Civil War and Constitution are the latest releases from Multi-Educator’s History on the Go Series. Each is an application containing a diverse, comprehensive multimedia collection of the most important documents in the history of America. More than just an eBook with links, each program gives users an enhanced visual, interactive audio and visual education experience, using the unique capabilities of the Apple iPad technology. They provide instant access to hundreds of original documents, photographs, maps, video, and presentations.
Marc Schulman, the developer of these stunning software apps, explains that in an eBook, you typically read text sequentially. With simple links you can open up photos and maybe even a video. However, it is still a pretty linear process. But with the developing Apple iPad technology, the opportunities for exploring new dimensions is multiplied and expanded in many new ways. These capabilities have all been incorporated into the Apple products.
“The ability to expand photos and move sideways has been included in the smaller handheld iPhone and iPod Touch,” Schulman explains. ”It has been clearly optimized on the iPad. You have to experience what it is like to zoom photos, turn directions, watch screaming high-definition color videos with special effects and high fidelity headphones all on your lap top.”
Schulman believes that this has significant implications to teaching and to education. “It brings education alive in ways people have not imagined. This has phenomenal implications to creative publishers and educators. The total experience is now what really matters.”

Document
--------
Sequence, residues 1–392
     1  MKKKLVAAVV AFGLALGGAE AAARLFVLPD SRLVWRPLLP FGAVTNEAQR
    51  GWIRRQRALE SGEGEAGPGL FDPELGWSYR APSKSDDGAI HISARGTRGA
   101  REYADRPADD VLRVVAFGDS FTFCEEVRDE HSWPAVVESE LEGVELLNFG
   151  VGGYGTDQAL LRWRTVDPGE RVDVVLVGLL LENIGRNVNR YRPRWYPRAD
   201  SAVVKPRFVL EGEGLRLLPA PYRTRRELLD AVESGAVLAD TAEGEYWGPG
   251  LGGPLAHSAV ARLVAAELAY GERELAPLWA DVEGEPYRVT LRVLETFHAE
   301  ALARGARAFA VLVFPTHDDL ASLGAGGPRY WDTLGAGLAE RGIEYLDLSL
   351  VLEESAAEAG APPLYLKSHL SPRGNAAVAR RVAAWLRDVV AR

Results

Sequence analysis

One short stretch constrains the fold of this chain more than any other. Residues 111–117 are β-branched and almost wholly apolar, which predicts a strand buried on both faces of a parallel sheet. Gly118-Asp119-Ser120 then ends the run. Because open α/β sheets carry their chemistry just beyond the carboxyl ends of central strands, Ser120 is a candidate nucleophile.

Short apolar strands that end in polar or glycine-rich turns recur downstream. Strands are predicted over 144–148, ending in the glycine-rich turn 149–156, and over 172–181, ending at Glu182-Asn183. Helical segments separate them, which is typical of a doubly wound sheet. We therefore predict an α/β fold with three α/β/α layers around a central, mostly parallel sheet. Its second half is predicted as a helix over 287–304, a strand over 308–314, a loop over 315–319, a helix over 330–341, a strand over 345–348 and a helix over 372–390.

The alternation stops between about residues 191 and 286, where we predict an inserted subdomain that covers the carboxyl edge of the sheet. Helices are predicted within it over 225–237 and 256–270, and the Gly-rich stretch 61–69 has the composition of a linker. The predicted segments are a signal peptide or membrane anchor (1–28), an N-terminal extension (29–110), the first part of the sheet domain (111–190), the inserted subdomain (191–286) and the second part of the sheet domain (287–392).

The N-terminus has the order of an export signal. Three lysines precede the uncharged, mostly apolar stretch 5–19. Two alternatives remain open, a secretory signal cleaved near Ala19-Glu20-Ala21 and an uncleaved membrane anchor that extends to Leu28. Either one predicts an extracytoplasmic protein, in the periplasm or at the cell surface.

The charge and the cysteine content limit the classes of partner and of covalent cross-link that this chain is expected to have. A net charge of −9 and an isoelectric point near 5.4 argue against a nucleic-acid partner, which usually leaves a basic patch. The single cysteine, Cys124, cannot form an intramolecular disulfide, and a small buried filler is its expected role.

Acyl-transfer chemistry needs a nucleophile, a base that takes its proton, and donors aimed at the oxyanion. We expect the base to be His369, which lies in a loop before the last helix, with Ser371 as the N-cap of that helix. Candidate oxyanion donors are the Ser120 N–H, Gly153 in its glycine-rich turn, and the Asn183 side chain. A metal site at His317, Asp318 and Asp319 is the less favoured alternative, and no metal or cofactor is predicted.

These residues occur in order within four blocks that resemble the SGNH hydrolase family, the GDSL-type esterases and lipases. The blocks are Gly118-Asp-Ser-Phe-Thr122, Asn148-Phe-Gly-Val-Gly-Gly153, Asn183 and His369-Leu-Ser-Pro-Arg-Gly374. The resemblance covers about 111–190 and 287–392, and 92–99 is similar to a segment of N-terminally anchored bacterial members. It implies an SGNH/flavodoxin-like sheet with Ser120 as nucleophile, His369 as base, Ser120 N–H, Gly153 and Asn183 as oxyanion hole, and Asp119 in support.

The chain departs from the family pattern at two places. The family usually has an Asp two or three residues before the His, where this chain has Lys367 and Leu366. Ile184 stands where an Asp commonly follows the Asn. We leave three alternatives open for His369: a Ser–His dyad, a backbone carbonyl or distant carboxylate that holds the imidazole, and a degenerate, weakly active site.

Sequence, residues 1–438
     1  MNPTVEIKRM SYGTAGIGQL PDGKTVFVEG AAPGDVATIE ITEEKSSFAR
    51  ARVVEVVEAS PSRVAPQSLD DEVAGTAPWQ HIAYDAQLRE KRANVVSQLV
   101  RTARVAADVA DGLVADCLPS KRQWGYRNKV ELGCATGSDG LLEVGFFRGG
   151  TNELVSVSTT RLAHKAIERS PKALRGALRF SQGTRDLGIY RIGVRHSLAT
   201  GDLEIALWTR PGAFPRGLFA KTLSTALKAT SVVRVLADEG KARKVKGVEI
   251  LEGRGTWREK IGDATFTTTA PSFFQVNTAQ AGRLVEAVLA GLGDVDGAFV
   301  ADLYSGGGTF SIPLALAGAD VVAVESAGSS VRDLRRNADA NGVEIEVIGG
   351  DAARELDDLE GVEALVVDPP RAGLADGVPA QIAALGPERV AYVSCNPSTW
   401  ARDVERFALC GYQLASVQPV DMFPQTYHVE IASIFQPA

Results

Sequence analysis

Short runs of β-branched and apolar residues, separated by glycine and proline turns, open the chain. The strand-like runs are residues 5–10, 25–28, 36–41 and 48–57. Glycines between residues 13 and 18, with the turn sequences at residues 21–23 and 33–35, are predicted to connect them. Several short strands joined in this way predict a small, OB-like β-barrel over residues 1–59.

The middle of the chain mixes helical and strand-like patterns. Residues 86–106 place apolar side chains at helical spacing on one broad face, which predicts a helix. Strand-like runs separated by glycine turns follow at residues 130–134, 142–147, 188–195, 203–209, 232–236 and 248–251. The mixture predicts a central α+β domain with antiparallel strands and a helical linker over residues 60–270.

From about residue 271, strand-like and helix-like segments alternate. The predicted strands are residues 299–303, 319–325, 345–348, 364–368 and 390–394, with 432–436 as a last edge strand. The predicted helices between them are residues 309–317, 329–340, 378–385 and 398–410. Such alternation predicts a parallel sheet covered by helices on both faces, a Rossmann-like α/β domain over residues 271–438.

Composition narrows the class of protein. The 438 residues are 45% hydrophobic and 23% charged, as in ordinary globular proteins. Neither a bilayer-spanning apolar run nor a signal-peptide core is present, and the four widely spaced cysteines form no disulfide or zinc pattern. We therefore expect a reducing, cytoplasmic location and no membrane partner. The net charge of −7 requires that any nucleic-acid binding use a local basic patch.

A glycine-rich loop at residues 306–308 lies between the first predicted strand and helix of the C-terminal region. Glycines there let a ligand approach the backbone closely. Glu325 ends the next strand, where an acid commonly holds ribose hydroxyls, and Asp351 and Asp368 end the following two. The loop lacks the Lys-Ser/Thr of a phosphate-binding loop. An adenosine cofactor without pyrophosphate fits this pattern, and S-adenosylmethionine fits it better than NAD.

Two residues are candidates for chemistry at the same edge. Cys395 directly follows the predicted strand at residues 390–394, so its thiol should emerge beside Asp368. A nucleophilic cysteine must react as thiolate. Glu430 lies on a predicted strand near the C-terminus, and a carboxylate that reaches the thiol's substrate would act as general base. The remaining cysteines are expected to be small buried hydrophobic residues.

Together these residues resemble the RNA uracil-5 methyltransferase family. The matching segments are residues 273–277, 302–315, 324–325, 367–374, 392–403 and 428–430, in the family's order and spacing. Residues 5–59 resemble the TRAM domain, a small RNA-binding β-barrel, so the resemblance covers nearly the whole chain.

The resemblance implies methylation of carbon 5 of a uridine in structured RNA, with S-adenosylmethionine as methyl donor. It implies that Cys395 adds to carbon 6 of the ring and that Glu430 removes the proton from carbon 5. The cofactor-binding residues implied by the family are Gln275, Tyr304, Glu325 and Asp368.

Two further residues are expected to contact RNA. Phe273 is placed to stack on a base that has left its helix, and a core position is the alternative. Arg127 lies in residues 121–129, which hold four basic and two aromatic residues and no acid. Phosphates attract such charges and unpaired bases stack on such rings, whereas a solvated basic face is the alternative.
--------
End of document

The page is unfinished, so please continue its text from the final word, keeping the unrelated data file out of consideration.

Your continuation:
In Civil War, he demonstrates these new capabilities.
“As an example- let’s just say you are reading the text summarizing a specific battle. A link allows you to explore a multimedia presentation on the battle. You can bring up maps of the geography and even link to maps of the terrain or of the battle itself day by day. You can link right to an account of the battle from the perspective of Confederate General Longstreet. Then maybe take a side trip to read a report written by Union General Grant. Then if you want more there will be anything between 20 to 100 photos of the battle- all of which are high quality and which you can zoom into and really explore up close, literally inch by inch. Then with a click, you can watch a video and listen to the sounds of the guns and artillery and the screams of men fighting on the battlefield.”
Civil War: America’s Epic Struggle contains over 1,000 high quality photos (all of which you can zoom into), one hour of multimedia presentations, over 100 high quality maps; and dozens of first-hand accounts. These resources combine to bring the story of America’s most violent and dramatic war to life. You can create a “favorites” section or even e-mail your “favorites” section to a friend, with photos and videos and more.
Constitution contains the full text of the United States Constitution. It provides an explanation of each and every clause and commentary on each of the amendments. The complete text of all 85 of the Federalist papers in also included. Users can zoom in on the photos of the authentic Constitution document.
World History includes 350 Primary Source Documents and Speeches written throughout the course of World History. From the Bible to Obama’s Nobel Acceptance Speech, this application covers the breadth and depth of world history. The program also includes 19 audio and video recordings of famous speeches and addresses.
About the Developer:
Marc Schulman has been an Apple Developer since 1982. He developed a few of the very early Mac products. “Back in those days the biggest problem was distribution. I remember a time when Apple would hold conventions for Mac and any developer who had a product could exhibit for free. When I heard about the iPhone products I thought back at some of those early products, and an opportunity to develop some similar products.”
For the past 27 years he has been developing software products including a line of Multimedia history CD and now DVD Roms. He calls himself a Multimedia Historian.
For more information visit http://www.multieducator.net
Published on July 28, 2010